Flynn Doran's solo exhibition refracted at Gallery 139 has been inspired by the city of Newcastle. Abstracted and bared down to lines and triangles that form the start of this young emerging contemporary sculptor's art career.
Opening night speech
For those of you who know Flynn well, you will know that Flynn is a thinker. He thinks a lot, about what his art is,and he thinks about what it will say to the viewers. His work may on first viewing seem minimal but in actual fact it is quite the exact opposite. Each angle, line, shape, rust section is there for a reason, which I found out during install. Whether we see it or not, I don't think it matters because it is imbedded in the sculpture and the making process. It is this attention to detail and thoughtfulness on Flynn's behalf, that automatically exudes from the works and makes them so compelling. I congratulate Flynn on such a cohesive exhibition and I am excited to have it in the gallery for the next 3 weeks. I hope you all get the chance to pop back into the gallery to see the works again during the day when there are less bodies in the room. Please enjoy the rest of the night and thank you for coming.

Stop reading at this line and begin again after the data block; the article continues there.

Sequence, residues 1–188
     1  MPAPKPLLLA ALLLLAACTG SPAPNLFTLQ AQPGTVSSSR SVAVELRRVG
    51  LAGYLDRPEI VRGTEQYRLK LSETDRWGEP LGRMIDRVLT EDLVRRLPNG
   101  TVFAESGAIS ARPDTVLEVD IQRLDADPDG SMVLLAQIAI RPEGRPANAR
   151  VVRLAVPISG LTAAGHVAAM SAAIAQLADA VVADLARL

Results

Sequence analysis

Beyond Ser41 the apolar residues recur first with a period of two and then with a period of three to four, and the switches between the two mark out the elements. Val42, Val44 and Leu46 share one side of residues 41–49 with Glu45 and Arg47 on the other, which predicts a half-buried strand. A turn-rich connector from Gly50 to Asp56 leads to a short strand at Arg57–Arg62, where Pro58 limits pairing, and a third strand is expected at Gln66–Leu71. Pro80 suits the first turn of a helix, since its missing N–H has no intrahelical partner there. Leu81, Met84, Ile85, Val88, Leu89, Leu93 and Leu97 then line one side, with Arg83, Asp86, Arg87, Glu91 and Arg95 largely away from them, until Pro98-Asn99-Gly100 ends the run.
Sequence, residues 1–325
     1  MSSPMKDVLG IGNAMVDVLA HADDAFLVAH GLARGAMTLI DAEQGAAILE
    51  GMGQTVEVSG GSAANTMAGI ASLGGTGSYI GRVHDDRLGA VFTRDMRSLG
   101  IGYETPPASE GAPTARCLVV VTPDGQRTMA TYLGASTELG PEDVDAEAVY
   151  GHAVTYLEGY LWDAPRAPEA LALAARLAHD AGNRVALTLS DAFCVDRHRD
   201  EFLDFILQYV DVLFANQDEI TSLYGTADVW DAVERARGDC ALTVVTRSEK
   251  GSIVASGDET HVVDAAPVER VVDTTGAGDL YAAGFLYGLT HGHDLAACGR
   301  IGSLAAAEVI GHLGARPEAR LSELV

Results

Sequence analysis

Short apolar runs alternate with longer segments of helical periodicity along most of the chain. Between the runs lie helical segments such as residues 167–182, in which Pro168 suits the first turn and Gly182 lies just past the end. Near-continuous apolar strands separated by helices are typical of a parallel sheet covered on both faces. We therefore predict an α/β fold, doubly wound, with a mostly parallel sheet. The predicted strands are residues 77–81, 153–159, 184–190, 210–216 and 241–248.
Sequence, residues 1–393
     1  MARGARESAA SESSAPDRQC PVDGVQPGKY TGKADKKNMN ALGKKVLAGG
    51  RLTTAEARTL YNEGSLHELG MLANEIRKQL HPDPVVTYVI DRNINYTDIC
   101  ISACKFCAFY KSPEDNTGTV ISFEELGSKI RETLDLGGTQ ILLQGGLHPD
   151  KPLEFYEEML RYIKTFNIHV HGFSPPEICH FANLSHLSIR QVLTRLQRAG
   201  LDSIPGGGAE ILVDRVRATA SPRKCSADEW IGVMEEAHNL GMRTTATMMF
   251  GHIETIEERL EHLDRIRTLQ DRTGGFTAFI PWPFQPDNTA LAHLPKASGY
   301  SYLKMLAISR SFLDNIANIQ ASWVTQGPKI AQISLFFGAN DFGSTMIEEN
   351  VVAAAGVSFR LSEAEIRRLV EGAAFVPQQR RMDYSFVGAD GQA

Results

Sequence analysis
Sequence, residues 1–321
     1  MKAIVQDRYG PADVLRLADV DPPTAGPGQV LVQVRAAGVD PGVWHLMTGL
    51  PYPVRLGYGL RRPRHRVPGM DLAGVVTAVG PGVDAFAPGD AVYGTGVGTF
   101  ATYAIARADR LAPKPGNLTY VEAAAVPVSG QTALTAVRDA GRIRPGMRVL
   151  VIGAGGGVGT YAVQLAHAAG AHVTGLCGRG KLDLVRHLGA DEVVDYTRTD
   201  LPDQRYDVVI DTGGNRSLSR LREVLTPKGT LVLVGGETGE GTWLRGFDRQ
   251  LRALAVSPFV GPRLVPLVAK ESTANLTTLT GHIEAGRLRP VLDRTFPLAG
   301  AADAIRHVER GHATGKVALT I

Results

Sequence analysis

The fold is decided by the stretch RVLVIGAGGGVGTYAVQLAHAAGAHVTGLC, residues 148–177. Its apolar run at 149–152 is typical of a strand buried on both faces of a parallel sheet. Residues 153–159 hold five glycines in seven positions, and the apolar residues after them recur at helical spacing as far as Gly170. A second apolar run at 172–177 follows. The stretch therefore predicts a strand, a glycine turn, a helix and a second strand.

~ Ahn Wells
In Flynn's words "Each sculpture is a representation or impression of various locations around Newcastle. To develop these works, I spent a lot of time around the inner city watching the new buildings rise from their previous graves, covered in workers and scaffolding. Living in Newcastle over the last 10 years, I have witness these transforming skylines, as the old was replaced by the new, with very little trace of what was once there. But remnants still existed. I found that through my studies at tafe and uni, I had old photos and sketches of the spaces that were once inhabited by derelict buildings. Google Earth also played a large part to my research as often the street view photos were taken at different times, and because of this rapid gentrification, you could see an expired building or the empty space left by its demolition.
Through these references I used the process of construction and deconstruction to exemplify what was gained or lost, with only trace elements of mark making and perspective to hint at these motifs.
Overall they are abstract representations, metaphors within themselves that hold a skewed perspective as its key element. The extended strokes of lines thrown against the solid shapes obscure the notion of location but remain as an impression of the built landscape."